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Posts with tag wow-apps

Review: Healbot now available for your iPad or iPhone

There is no shortage of World of Warcraft applications out there for your iPhone or iPad device. You can check and optimize your gear with Mr. Robot; you can chat and play the auction house with the official Mobile Armory; and you can protect your account from hackers with the Mobile Authenticator.

This week, you can add another app to that list: Healbot, a free, stand-alone iOS game that simulates World of Warcraft boss fights from a healer's perspective. Your party takes damage; it's your job to heal through it. If the boss hits zero before your party does, you win. Just like real life! Well, real life in Azeroth, anyway.

If the name app's name sounds familiar, that's intentional. According to the game's developers, Healbot is "based on the mechanics of the Healbot mod in WoW." But how does this simulation stack up against the real thing? And is it worth your dear, sweet, precious time?

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Filed under: Add-Ons, Raid Rx (Raid Healing)

Blizzard's APIs and You: Cool information and tools coming down the pipe

Recently, Blizzard disabled the WoWArmory Facebook application, signaling that the time of the modern WoW Armory is over and we will soon live in an age when new Blizzard APIs will transform our out-of-game experience. And change it, they will. These forthcoming APIs will change the way you interact with WoW outside of the game in ways you cannot even think up yet. How do I know this? That's the power of information facilitation, and some inventive hypotheticals will show you what Blizzard's APIs will do for you in the near future.

Over the past few months, Blizzard has been preparing to roll out a new set of APIs that will take internal information from the Armory, the new community site, and more, parse it into easily manageable data streams, and make those streams available to application developers. With these new streams of information, savvy developers can craft web applications, smartphone apps, social media plugins, and anything else under the sun to provide you with new and dynamic WoW experiences on the internet. I know that sounds horribly cliché, but hear me out -- this stuff is pretty cool, and the back end could bring about a new standard for information availability and MMOs.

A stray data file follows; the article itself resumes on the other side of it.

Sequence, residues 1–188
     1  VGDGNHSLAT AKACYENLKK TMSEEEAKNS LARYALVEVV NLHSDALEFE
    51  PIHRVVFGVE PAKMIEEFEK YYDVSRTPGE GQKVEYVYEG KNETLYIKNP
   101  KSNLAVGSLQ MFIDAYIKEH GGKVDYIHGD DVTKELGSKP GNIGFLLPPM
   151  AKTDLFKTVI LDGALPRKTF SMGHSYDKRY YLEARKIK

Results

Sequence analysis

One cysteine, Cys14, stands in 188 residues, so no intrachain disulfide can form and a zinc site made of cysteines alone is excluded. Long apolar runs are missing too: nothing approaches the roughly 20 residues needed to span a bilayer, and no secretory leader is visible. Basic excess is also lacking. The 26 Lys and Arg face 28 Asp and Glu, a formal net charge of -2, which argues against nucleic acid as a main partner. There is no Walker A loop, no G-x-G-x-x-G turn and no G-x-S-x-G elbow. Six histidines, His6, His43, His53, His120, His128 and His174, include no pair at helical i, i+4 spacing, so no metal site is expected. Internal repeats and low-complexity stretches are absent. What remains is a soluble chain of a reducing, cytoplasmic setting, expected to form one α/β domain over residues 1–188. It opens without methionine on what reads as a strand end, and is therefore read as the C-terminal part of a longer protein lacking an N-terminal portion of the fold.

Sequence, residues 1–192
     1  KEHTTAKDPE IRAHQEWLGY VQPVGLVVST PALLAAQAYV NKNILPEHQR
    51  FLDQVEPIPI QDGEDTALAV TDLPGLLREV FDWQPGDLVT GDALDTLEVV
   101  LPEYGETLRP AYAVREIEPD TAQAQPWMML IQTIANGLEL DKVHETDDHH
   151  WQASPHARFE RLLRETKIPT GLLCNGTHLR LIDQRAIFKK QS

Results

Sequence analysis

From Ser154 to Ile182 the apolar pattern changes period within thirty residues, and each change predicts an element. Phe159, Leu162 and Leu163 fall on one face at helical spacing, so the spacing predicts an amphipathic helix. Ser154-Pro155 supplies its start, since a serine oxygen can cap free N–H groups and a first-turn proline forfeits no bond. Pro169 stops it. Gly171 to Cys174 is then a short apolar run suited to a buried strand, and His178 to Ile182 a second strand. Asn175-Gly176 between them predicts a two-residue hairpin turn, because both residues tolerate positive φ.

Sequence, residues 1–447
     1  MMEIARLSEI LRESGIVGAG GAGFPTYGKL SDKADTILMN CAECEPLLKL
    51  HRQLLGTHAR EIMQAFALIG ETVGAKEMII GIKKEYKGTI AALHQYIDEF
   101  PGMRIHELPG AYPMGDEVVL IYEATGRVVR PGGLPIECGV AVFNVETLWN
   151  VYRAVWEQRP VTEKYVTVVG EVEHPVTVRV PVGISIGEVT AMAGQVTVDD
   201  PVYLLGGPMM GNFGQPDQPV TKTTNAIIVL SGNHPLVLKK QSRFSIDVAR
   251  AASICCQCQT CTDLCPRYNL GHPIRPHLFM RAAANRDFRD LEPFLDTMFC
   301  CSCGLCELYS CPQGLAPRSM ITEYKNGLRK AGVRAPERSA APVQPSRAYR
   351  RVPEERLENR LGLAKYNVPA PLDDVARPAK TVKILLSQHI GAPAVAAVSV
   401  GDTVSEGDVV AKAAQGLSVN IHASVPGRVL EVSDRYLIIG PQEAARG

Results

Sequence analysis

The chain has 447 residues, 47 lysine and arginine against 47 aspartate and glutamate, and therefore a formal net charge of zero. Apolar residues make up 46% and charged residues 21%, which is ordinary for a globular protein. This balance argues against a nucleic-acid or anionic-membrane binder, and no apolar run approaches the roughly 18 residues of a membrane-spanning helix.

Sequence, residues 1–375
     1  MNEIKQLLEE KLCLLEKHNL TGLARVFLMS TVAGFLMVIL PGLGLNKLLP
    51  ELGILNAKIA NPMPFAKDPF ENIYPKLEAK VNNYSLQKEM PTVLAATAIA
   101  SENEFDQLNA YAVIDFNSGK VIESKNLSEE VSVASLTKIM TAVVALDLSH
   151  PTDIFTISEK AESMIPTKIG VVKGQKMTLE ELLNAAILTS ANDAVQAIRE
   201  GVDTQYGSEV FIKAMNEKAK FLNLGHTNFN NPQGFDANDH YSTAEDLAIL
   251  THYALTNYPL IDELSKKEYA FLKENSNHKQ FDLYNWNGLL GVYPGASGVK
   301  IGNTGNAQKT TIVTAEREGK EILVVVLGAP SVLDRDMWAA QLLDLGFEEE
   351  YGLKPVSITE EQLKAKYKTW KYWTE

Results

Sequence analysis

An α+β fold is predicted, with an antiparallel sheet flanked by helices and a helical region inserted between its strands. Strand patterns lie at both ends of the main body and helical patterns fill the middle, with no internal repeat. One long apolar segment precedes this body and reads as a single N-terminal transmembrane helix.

I'm not a developer. In fact, a lot of us in the community are not developers. Writing this story felt like an exercise in obscurity because, frankly, all this back end information isn't in my wheelhouse. As I dug deeper and began to realize the potential of the systems being set up, I fell in love with the idea that Blizzard is opening up easy access to so much information. I thought it would be a good idea to illustrate for those of us who have no idea what APIs are capable of, to break through the programmer/developer talk and discuss what these APIs mean for us, at the end of the day.

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Filed under: Analysis / Opinion

Blizzard previews character, guild, and arena team APIs

Blizzard previously announced that certain APIs were going to become available for applications and players to access from the community website. We've finally got a preview of the information feeds that tap into character data in the near future. These feeds can be used in applications, websites, and more for user-created, World of Warcraft ... well ... anything.

Blizzard's opening up of these information feeds is pretty cool, and you will likely see some ambitious applications of this data being used in the near future. One of the illuminating aspects of this preview is that after finding the right way to do it, the devs are thinking about opening up quest ID information so that you can see what quests characters have or have not completed. There are tons of applications of that data out there and I'm sure the community is really excited to make use of this API information. Check out the full preview after the jump.

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Filed under: Blizzard

Remote Auction House beta testing ends

The Remote Auction House's beta testing has come to a close this evening and is now officially a live, paid-only service. For $2.99 every 30 days, you can buy, sell and trade from anywhere in the world via browser or iPhone. Well, anywhere that you have an internet connection. While non-paying users can still view the auction house, only subscribers can actually do business via the Remote Auction House. Check the official Remote Auction House page for a breakdown of the differences between free and paid users.

Do note that this subscription fee is only for the Remote Auction House. Every player can still use the auction house in-game as a part of their usual $15/month. If you're interested in ponying up the $2.99/month but didn't get a chance to try out the app during the testing phase, you can check out our galleries below for a little preview of the service.

Filed under: Blizzard, Economy

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